• In December 2006 a majority vote of the CJLS (13 members for) accepted an innovative and controversial responsum which allows homosexual Jews to become rabbis and cantors, "Homosexuality, Human Dignity, and Halakhah" by Rabbis Elliot N. Dorff
    Elliot N. Dorff
    Elliot N. Dorff is a Conservative rabbi. He is a professor of Jewish theology at the American Jewish University in California , author and a bio-ethicist....

    , Daniel S. Nevins
    Daniel S. Nevins
    Daniel S. Nevins is an American rabbi and an adherent of the Conservative Movement who was named the Dean of the Rabbinical School of the Jewish Theological Seminary of America on January 29, 2007, succeeding Rabbi William Lebeau...

    , and Avram I. Reisner. The responsum abolished rabbinic laws restricting homosexual conduct other than male-male anal sex, concluding that the CJLS has authority to do this on grounds of the talmudic principle of Kavod HaBriyot
    Kavod HaBriyot
    Kevod HaBeriyot כבוד הברייות Kevod HaBeriyot כבוד הברייות Kevod HaBeriyot כבוד הברייות (literally in Hebrew: "honor [of/due to] the [God's] creations (human beings)" also variously translated as "individual dignity", "individual honor", or "human dignity" (in a specifically Talmudic sense which...

     (which it translated as "human dignity") on grounds that the existence of such sexual restraints represents an affront to human dignity as modern society perceives it. Four members of the CJLS resigned to protest this decision.http://jta-vip.mediapolis.com/cgi-bin/iowa/news/article/20061210Lawcommitteeinits.html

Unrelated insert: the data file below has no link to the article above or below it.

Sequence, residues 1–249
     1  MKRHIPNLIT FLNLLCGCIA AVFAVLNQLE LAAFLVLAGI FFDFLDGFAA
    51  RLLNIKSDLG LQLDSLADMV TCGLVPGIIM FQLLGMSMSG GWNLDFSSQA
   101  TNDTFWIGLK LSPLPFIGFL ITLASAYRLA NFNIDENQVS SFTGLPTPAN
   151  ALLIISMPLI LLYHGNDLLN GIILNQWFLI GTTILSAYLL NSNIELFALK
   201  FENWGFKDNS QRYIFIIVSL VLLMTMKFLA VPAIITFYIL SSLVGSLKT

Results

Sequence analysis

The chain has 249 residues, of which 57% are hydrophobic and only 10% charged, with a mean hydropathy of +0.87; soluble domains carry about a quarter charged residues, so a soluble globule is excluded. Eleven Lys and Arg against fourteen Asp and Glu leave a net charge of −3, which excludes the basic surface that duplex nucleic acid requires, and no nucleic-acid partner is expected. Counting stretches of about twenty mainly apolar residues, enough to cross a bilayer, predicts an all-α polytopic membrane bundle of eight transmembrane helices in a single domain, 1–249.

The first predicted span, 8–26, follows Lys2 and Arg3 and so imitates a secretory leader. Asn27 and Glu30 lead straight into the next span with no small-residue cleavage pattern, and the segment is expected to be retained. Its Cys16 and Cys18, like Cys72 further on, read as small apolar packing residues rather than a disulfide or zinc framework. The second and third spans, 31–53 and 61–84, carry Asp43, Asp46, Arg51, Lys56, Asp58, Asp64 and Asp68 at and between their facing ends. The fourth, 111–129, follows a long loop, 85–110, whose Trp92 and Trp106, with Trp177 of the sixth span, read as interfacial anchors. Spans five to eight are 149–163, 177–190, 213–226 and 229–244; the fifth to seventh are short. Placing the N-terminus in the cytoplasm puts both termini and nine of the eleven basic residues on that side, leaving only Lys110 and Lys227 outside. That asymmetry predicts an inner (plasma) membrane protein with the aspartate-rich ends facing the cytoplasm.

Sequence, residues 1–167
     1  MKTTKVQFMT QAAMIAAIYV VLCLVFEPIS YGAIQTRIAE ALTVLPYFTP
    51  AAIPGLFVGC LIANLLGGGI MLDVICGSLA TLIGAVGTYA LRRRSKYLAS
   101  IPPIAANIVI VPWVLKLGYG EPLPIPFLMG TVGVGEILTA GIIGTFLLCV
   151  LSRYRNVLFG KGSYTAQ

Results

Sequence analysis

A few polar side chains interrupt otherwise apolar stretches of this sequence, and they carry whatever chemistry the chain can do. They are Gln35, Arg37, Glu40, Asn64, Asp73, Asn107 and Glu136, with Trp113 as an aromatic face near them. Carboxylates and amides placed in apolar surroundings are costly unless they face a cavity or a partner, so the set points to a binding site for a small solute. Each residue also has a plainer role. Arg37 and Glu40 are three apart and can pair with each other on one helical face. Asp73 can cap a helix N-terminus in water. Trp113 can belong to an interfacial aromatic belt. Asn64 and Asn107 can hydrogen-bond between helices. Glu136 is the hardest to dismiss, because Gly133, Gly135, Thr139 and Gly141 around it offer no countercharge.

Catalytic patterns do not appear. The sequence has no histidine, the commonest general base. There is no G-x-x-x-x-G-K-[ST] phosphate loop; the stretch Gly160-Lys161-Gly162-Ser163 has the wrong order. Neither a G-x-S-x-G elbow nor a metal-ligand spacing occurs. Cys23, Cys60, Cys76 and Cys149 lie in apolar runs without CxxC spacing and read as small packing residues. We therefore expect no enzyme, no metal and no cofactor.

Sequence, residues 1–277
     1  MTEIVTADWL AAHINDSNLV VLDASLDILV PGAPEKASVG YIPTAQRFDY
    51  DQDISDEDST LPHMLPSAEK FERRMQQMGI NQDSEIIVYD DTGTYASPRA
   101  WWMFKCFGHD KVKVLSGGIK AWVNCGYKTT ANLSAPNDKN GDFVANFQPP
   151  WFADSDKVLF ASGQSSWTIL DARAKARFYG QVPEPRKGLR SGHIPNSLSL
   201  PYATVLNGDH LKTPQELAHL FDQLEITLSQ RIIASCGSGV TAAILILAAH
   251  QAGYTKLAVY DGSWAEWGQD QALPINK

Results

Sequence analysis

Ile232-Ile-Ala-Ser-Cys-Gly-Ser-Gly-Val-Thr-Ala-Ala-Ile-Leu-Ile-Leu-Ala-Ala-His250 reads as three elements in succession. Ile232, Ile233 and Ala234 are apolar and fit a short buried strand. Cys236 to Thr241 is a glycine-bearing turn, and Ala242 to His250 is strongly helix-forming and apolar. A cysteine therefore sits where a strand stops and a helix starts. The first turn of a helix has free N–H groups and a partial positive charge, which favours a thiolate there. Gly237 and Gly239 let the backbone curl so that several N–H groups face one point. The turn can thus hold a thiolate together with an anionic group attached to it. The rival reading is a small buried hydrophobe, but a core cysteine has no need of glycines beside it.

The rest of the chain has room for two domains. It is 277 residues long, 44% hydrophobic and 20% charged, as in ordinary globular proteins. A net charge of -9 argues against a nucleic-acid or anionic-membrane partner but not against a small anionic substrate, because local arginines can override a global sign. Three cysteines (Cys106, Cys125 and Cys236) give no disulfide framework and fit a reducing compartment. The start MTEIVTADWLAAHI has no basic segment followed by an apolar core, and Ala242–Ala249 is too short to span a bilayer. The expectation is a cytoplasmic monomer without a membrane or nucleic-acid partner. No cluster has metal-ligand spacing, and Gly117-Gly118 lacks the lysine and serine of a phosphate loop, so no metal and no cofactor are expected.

• On December, 2006, a majority vote of the CJLS (13 members for) also adopted a responsum by Rabbi Joel Roth
    Joel Roth
    Joel Roth is a prominent American rabbi in the Rabbinical Assembly, which is the rabbinical body of Conservative Judaism. He is a former member and chair of the assembly's Committee on Jewish Law and Standards which deals with questions of Jewish law and tradition, and serves as the Louis...

     maintaining the traditional prohibitions on homosexual conduct. The Roth responsum maintained that the Dorff responsum was untenable, claiming that virtually all classical authorities hold that the Biblical prohibition extends to a wider range of homosexual conduct. It also claimed that the concept of Kavod HaBriyot
    Kavod HaBriyot
    Kevod HaBeriyot כבוד הברייות Kevod HaBeriyot כבוד הברייות Kevod HaBeriyot כבוד הברייות (literally in Hebrew: "honor [of/due to] the [God's] creations (human beings)" also variously translated as "individual dignity", "individual honor", or "human dignity" (in a specifically Talmudic sense which...

     , which it translated as "respect" or "honor", permits setting aside rabbinic prohibitions in deference to others' honor, but does not permit setting aside prohibitions set up for God's honor in deference to ones own.

Criticisms of the CJLS


There exist significant disagreements in the interpretation of Jewish law between all Jewish groups, even different groups within the same denomination (for instance, there are half a dozen large, different Orthodox Jewish rabbinical groups, none of which accepts the rulings of the other as necessarily correct or authoritative.

Rabbi Joel Roth
Joel Roth
Joel Roth is a prominent American rabbi in the Rabbinical Assembly, which is the rabbinical body of Conservative Judaism. He is a former member and chair of the assembly's Committee on Jewish Law and Standards which deals with questions of Jewish law and tradition, and serves as the Louis...

 (cited above as one of the two opinions on the issue of homosexuals serving as rabbis) left the CJLS after the ruling on homosexual rabbis. He does not agree with Rabbi Wolpe that the Conservative movement is not halakhic, and in fact publicly reaffirmed his commitment to staying in the Conservative movement and in the movement's Rabbinical Assembly
Rabbinical Assembly